I was in high school and I wanted to join First Families of Ohio.
The reason was simple: I wanted to prove something well enough for someone else to believe it, not because I really wanted to join anything. And it was the only lineage society I knew I was eligible for at the time. There was just one problem: Thomas Rampley was not in the 1820 census and did not appear on any tax lists in time to show his residence in Ohio before the end of 1820.
Hill, N. N., History of Coshocton County, Ohio–It’s Past and Present, 1740-1881, 1881, Newark, Ohio, A. A. Graham & Company Publishers, page 502.
But the county history said that Thomas J. Rampley and his family had arrived in Coshocton County, Ohio, in the fall of 1817–coming in wagons. Certainly that reference would be sufficient. County histories could not contain errors.
It was not to be. The reference was not sufficient to document residence as proof for First Families of Ohio. The printed word would not do.
I needed a workaround.
Years ago, I actually obtained copies of a few selected pages from the Thomas J. Rampley equity case involving Joseph McClung in Harford County, Maryland, that was referenced in an earlier post. The file was large and my budget was small. Consequently I only obtained a copy of the initial petition filed by the attorney on Thomas’ behalf. In that petition it stated that Thomas had moved before the death of his father to Coshocton County, Ohio, with his family where he set up residence and that he returned to Maryland to settle up some business after his father, James Rampley, died.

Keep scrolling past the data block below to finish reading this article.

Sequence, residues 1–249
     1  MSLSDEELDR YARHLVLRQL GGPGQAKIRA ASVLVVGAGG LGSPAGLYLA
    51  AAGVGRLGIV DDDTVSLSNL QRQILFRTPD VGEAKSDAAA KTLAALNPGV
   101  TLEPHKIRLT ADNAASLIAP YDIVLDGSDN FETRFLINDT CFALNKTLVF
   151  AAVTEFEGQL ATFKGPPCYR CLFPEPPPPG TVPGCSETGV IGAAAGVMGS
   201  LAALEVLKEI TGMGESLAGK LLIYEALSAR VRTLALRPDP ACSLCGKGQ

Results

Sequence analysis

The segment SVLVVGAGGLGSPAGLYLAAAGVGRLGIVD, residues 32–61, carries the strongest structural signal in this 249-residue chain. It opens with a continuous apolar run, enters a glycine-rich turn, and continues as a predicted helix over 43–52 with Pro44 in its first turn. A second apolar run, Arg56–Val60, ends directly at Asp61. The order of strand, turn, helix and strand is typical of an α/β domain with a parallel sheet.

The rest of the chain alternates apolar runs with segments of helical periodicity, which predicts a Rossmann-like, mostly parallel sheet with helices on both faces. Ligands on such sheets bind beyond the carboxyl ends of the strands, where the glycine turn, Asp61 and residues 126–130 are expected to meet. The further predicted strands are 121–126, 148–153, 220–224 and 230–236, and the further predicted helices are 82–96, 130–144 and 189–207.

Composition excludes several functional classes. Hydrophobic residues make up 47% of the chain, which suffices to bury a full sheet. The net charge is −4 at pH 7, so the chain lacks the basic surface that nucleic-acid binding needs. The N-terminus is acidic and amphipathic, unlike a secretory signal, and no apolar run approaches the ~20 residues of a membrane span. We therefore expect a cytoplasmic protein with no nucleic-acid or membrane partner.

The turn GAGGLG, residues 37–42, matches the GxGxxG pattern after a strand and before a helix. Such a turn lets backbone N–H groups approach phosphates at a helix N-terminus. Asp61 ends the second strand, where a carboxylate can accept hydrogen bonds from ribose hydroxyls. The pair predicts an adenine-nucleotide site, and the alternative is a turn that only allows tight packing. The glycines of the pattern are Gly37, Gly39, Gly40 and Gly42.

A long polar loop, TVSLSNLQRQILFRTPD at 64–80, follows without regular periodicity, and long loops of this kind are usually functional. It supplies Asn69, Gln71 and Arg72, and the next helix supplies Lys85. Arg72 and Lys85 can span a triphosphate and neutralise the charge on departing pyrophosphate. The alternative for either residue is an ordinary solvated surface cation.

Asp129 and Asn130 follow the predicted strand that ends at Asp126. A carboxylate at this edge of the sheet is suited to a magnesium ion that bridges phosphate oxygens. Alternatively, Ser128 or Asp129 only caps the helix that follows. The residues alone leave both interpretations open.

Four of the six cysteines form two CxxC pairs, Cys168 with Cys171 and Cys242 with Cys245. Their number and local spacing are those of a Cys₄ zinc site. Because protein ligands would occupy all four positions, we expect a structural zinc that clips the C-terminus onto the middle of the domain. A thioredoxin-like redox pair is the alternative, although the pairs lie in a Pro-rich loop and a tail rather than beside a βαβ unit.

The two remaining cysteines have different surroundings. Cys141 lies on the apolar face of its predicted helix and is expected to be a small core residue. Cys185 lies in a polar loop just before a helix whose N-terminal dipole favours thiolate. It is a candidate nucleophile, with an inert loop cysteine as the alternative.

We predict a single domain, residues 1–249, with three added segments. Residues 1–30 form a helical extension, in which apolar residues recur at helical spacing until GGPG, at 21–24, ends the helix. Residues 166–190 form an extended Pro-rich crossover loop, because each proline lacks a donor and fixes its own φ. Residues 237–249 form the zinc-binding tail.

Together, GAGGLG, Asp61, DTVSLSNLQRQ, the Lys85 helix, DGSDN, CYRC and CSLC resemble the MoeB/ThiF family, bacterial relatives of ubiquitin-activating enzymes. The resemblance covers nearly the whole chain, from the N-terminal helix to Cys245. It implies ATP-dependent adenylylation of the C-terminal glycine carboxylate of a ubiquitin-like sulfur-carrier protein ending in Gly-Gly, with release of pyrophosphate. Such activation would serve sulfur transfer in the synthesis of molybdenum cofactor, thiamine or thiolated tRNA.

There it was.
Of course I didn’t know exactly when James Rampley died either.
But I did know that James Rampley’s will was admitted to probate by a Harford County, Maryland, court in September of 1817.
So James was dead by September of 1817. Which meant that Thomas moved to Ohio before September of 1817.
Which meant he was in Ohio by the end of 1820.
My first indirect proof–after all, there was not one document that explicitly stated what I was trying to prove. It wasn’t the most elegant or sophisticated proof, but it served the purpose and my membership in First Families of Ohio was approved.
But did they arrive in the fall of 1817? Stay tuned…